March 2013 Newsletter

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March 2013 LAI Pros Newsletter

What Do You Do If You See a Problem?

The best, and most frustrating, thing about a garden is that your space is always changing. About the time you get everything ideally planted, pruned and in bloom, insects move in or a neighbor’s new addition creates a patch of shade unexpectedly. When you see a problem in your garden, you’ll need to take action.

Shade – If your sunlight pattern changes, many of the plants you’ve selected may have to change along with it. Sun-loving plants won’t grow in the shade and vice versa. Some shade you may be able to adjust yourself, perhaps trim away branches to allow more light through, but more commonly you’ll simply have to adjust your plant selection to accommodate.

Traffic areas – People must move through your garden, and the best way to do this is to give them pathways to follow to avoid stepping on sensitive plants and grass. Use stones, gravel or even mulch to designate a particular path to follow through the yard to increase traffic flow.

Fungus – Prevent fungus by keeping your garden well drained. Add compost and if you spot fungus in your garden, try an organic fungicide first with copper or sulfur as ingredients. If those don’t work, try a full chemical fungicide to treat the problem.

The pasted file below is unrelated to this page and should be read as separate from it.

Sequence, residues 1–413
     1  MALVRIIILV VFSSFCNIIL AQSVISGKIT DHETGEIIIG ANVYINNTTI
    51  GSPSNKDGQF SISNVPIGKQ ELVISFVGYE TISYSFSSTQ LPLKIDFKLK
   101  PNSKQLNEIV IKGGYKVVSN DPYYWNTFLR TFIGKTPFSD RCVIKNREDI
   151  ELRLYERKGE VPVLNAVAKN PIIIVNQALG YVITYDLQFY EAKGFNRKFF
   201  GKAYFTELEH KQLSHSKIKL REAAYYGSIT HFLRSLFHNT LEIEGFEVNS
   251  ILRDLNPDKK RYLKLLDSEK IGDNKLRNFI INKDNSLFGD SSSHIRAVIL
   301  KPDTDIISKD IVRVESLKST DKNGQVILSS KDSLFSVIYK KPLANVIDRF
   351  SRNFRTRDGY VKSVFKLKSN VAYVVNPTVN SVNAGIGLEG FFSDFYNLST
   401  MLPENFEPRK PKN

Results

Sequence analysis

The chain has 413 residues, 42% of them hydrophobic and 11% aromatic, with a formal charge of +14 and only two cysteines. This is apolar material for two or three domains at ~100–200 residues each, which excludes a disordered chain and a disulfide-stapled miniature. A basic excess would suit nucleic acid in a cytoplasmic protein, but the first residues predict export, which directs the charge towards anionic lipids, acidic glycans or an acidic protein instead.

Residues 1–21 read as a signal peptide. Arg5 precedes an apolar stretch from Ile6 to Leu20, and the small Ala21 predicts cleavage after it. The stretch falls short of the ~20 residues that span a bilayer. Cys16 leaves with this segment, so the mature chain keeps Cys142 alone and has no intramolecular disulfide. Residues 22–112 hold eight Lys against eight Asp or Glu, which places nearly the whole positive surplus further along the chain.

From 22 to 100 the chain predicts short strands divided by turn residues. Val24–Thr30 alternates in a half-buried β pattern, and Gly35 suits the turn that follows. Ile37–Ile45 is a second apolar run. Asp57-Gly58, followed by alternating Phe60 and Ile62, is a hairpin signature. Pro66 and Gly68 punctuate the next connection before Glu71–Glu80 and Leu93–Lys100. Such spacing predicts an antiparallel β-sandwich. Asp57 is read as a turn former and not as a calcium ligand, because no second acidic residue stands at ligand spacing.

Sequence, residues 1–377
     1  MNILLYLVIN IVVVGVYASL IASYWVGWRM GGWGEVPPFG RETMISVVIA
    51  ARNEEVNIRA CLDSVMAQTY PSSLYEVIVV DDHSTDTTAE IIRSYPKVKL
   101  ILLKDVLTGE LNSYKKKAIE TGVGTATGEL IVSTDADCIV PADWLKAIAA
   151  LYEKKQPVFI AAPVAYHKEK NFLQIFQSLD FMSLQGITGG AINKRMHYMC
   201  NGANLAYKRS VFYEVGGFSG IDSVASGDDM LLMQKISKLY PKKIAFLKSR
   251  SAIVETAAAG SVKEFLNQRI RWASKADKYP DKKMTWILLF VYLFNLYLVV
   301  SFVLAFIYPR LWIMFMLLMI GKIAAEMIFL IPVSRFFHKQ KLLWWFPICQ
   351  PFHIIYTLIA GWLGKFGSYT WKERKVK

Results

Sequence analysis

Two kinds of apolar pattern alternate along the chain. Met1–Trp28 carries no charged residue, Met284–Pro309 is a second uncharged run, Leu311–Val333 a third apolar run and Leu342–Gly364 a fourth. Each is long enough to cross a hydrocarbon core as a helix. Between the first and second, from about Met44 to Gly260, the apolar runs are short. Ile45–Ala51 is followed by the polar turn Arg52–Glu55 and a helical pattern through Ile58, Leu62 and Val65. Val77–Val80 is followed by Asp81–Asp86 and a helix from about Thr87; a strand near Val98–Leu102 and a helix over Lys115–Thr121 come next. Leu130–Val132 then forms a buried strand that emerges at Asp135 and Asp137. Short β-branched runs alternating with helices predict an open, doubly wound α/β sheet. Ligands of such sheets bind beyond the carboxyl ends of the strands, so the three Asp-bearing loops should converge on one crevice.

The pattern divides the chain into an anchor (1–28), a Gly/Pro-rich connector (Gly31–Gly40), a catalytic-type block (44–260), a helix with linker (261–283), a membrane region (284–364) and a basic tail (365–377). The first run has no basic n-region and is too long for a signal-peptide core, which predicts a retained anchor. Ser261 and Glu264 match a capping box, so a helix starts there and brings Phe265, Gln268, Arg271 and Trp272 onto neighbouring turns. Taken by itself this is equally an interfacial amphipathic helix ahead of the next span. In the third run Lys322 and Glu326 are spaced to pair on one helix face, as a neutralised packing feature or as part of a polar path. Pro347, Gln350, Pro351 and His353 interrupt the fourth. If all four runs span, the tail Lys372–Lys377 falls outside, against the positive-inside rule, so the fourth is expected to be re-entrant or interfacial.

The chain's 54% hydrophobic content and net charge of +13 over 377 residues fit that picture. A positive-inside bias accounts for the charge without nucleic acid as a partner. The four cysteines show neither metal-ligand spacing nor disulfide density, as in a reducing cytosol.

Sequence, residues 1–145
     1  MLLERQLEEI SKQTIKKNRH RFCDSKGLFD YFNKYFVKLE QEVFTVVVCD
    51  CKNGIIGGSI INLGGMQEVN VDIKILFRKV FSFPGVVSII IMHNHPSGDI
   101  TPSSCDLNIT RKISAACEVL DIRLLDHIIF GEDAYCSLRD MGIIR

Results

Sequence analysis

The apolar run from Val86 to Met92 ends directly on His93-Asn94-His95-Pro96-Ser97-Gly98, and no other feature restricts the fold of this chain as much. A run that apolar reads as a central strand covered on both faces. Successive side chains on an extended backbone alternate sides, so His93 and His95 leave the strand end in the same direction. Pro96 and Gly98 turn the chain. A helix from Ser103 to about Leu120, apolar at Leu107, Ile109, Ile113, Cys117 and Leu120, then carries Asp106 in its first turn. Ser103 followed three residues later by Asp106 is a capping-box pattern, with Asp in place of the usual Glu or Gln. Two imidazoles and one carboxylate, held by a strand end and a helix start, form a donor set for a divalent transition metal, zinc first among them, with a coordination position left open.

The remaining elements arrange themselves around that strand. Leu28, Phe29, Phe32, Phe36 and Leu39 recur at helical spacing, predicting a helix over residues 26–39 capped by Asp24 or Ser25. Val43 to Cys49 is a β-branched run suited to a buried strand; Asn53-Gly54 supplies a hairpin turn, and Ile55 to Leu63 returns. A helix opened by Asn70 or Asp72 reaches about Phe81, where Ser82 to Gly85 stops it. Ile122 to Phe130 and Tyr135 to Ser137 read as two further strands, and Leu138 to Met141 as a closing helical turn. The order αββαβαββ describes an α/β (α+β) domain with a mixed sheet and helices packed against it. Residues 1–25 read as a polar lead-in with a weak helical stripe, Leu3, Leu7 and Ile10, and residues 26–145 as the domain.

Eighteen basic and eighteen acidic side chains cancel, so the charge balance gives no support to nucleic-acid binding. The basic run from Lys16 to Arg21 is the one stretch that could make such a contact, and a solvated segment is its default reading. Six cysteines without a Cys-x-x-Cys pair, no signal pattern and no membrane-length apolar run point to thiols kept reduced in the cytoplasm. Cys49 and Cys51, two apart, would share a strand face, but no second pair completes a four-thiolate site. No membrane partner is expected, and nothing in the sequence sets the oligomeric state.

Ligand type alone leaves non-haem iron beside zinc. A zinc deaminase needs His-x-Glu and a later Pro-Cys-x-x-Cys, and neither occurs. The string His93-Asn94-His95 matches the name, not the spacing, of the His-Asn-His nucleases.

Insects – Some plants are natural insect fighters, but insects are almost guaranteed to show up in your garden at some point. Mix coffee grounds into the soil and you’ll be able to keep many away. Chemical or organic pesticides are another good choice to beat bugs. 

Thatch – The thick mat of clippings and cuttings can suffocate your lawn. Fight back by de-thatching. Use a metal rake and drag it through the thatch to gather it up and clear it out.

Caring for Blooming Bulbs

Your hard work from the fall and winter is paying off with the appearance of blooms from long dormant bulbs. Blossoms from bulbs appear in the spring months and the blooms last through the middle of the summer months. Enjoy the flowers in your garden now and cut them as they start to fade, or perhaps before they fade if you’d like to enjoy the flowers in a vase. In some cases, clipping flowers as they fade will encourage the plant to continue producing flowers throughout the season.

When the growing season is over, the foliage will wither and die. It’s important to allow the plant to die completely without cutting or removing the foliage. This will give your bulbs the very best shot at appearing again next spring and summer for more color and beauty without the need to replant the bulbs in the fall.

Landscape Tip of the Month

Now is the time to test your irrigation system and make sure it is in good repair.  Inspect all the valves and valve boxes checking for any lawn intrusion that may block the sprinkler heads. Slowly turn on the main valve to fill the system. Once the system has water in it, turn on each zone and check each sprinkler head in each zone is working and positioned properly. Make any adjustments needed. If you have a rain sensor, uncover it and finally, reprogram the controls. If you have a battery back up – replace it now.